BEST BOONDOGGLE - 2004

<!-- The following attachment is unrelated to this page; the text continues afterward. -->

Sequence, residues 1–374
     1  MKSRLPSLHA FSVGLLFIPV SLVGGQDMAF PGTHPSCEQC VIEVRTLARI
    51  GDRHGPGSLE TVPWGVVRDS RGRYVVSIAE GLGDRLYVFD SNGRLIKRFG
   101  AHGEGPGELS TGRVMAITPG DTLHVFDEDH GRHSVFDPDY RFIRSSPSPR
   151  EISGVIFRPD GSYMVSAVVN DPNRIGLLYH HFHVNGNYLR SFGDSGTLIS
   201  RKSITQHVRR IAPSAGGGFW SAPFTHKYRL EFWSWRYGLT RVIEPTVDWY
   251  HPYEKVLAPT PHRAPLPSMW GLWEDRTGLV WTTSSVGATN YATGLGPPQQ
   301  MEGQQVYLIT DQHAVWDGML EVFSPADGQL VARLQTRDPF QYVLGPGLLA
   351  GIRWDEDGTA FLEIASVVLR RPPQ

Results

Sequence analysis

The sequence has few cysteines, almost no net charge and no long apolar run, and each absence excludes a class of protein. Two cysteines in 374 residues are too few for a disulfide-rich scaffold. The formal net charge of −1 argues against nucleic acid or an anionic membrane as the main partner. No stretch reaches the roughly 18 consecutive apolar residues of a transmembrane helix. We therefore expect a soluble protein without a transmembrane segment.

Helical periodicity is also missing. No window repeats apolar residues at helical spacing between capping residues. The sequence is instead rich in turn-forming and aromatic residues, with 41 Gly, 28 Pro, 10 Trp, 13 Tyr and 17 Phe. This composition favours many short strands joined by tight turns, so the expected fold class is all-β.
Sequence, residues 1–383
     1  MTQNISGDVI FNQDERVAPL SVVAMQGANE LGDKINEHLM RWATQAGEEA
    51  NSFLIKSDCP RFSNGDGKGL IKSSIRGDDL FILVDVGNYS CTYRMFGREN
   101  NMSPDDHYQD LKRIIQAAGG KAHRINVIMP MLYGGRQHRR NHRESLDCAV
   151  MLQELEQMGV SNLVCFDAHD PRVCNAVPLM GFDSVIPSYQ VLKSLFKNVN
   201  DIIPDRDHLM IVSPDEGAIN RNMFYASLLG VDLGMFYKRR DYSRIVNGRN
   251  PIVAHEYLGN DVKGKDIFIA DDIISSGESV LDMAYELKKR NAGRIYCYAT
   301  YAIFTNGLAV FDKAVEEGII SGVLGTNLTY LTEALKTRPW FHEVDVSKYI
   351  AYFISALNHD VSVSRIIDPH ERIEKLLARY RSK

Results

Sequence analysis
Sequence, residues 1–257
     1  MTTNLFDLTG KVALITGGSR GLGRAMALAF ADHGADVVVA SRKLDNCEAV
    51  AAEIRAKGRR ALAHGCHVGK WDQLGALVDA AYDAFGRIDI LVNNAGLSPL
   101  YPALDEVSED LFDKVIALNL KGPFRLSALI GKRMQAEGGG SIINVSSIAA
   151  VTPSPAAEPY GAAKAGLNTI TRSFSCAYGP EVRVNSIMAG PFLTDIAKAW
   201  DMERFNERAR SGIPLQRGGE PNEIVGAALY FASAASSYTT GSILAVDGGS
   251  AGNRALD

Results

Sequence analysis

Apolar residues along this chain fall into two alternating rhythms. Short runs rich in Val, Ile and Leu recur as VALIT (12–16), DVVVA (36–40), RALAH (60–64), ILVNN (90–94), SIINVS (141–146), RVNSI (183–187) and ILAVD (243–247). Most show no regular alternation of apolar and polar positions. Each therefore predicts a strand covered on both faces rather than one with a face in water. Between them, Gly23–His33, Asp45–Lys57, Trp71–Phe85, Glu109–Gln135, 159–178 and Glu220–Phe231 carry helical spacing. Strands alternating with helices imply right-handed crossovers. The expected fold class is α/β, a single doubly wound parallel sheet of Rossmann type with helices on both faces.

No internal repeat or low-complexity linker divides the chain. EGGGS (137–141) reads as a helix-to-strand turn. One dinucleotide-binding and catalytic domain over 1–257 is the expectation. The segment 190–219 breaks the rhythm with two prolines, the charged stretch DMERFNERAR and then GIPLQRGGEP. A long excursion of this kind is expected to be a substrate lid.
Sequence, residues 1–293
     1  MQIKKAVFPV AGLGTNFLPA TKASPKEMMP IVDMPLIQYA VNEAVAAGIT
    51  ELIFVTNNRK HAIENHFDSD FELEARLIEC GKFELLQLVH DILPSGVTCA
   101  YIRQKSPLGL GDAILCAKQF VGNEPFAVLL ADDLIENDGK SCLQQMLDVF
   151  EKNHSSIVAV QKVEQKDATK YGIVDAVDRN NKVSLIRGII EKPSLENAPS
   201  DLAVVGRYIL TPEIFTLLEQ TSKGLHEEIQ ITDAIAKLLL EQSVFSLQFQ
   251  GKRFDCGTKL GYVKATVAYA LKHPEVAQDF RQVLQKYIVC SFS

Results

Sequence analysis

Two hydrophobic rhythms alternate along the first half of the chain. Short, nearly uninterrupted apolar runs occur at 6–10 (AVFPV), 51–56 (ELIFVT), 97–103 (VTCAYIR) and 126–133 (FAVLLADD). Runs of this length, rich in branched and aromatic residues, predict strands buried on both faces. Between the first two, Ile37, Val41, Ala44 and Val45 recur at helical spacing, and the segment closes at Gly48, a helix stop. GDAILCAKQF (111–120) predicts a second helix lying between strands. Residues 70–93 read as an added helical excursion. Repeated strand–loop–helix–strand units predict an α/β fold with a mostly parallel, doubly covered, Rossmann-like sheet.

You think this is no fait accompli? You think our political leaders will heed all those opinion polls and assorted municipal referenda that have demonstrated, time and again, the public's opposition to further subsidizing big-time sports? Then you probably also think Minnesota is a good government state. The sad reality is that the political culture in Minnesota is essentially indistinguishable from that of Indiana--a flatland mix of reactionary social policies, regressive taxes, and religious hokum. This is precisely the sort of environment that favors big-time sports. So the only questions about the stadium issue are in the particulars of when, where, and how. Not why. Look no further than the governor's office to see how much the political sands have shifted. Remember how State Representative Tim Pawlenty used to pump up his populist credentials with anti-stadium pontification? Now, as governor, Pawlenty is pushing for huge tax increment financing (TIF) packages for new Viking and Twins stadiums. It's a subsidy by another name. Meanwhile, Minneapolis Mayor R.T. Rybak, elected largely on an anti-subsidy platform, is suddenly trying to drum up support for a Twins stadium he wants to build next to the county incinerator. For his part, St. Paul Mayor Randy Kelly seems content to play the useful sap in the ballpark game--ensuring that St. Paul remains in the running long enough to drive up the public tab. Everyone, it seems, is suddenly beyond embarrassment on the issue. For sheer gall, however, nothing rivals the University of Minnesota's push for a Gophers stadium. Yes, the razing of Memorial Stadium was a historic blunder. Yes, it would be nice if the Gophers had an open-air stadium. But consider the context: The U just completed the biggest building boom in its history and students have been stuck with double-digit tuition hikes in consecutive years.